* In extreme, “survival” situations, nitrogen, phosphate, sulfate, sodium, potassium and magnesium can all be found in urine from persons in good health, not consuming medications or drugs. The iron that cannot be supplied by urine can be supplied by the iron extract described above.
It is not recommended to begin growing Spirulina using these substitutes, but once the Spirulina is mature and stable, these substitutes can replace the nutrients lost when harvesting Spirulina. If growing in bottles: use 5ml urine and 0.1ml for every litre. If growing in pools: for every 1K of harvested and pressed Spirulina add 15-20L urine and 100ml iron extract.
After initial administration, iron extract can be added once a week (very gradually and while stirring), but urine must be added daily.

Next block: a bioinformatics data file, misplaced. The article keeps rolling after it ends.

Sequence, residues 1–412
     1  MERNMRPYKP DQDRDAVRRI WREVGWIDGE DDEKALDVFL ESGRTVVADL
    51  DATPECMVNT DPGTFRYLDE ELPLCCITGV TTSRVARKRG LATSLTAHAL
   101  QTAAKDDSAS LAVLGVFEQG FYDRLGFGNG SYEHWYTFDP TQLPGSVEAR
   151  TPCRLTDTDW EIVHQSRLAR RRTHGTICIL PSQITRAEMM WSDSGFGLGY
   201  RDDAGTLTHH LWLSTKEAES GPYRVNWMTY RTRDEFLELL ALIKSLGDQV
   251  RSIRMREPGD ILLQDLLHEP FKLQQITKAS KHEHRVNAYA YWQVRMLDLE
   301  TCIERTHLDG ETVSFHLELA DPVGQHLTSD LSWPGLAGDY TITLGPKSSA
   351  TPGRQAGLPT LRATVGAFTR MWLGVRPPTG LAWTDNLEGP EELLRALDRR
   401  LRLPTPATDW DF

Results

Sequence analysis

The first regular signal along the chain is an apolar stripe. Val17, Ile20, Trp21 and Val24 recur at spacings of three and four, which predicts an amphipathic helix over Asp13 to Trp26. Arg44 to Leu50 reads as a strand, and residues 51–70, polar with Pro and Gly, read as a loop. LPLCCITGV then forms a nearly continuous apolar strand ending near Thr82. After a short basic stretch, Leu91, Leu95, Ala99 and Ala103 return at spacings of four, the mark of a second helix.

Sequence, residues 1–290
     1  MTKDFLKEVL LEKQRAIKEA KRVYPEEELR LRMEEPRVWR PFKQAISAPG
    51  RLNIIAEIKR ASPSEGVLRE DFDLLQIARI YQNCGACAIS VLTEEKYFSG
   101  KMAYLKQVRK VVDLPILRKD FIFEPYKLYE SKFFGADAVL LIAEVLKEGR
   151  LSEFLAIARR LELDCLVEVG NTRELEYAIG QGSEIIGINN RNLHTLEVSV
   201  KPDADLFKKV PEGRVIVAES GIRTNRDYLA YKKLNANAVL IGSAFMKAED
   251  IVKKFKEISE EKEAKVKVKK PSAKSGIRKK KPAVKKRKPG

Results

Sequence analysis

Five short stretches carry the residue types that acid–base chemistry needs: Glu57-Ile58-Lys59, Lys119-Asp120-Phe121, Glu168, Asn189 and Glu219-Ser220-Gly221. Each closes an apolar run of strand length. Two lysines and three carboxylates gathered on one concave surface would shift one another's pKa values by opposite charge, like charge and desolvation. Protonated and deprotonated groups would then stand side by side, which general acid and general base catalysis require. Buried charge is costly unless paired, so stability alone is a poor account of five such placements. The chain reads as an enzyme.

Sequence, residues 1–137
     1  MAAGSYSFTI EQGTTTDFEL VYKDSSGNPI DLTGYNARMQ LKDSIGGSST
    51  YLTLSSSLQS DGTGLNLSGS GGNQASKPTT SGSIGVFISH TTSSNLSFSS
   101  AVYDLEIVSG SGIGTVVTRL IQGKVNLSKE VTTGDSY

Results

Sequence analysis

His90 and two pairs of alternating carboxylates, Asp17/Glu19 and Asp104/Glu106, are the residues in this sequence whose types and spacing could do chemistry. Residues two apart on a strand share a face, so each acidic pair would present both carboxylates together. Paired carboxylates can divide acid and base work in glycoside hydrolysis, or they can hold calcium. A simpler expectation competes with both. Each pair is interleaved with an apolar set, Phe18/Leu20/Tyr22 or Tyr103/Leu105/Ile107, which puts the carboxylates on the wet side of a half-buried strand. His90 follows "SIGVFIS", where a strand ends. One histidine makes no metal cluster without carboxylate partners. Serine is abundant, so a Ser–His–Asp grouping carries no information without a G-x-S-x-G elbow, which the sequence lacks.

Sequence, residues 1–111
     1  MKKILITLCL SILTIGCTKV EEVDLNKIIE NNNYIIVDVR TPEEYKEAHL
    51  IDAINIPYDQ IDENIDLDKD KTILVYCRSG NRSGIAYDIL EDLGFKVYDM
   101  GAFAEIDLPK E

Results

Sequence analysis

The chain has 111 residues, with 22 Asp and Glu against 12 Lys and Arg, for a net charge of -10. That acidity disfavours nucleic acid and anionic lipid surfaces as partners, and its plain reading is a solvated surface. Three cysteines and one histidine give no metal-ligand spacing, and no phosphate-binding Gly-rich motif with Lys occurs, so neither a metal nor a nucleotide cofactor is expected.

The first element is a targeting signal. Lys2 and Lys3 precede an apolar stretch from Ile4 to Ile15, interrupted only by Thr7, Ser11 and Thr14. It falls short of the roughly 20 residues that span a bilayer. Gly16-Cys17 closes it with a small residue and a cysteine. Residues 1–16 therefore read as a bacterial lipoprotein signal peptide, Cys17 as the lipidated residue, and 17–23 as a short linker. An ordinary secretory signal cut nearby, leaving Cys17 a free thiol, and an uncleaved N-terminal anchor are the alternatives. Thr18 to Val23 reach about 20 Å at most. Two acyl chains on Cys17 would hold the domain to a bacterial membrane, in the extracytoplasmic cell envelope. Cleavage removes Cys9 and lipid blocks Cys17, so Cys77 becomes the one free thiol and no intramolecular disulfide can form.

* If fertilizer grade chemicals are used, they should be of the “soluble” or “crystallized” type, not of the “slow release”, granulated type.
* Micronutrients solution is not a requirement but will make harvesting easier and the medium reusable more times. It can be bought where Spirulina culture is sold. It can also be supplied upon request by Antenna Technologies (see appendix 4).
At least the quantity of a test tube is required to begin with.
A portion of strong and mature Spirulina (i.e. Spirulina that is ready for harvesting or multiplying) can be passed from one Spirulina grower to another so that the latter can start a new Spirulina culture at no cost.
Spirulina can also be bought. There are a number of Spirulina culture collections around the world that will send Spirulina by mail.
For contacts of Spirulina distributers see appendix 4.
Spirulina tends to gather at the top of the growing culture, where sunlight exposure is maximal. Due to this, Spirulina that cannot reach the top will not multiply and will ultimately die.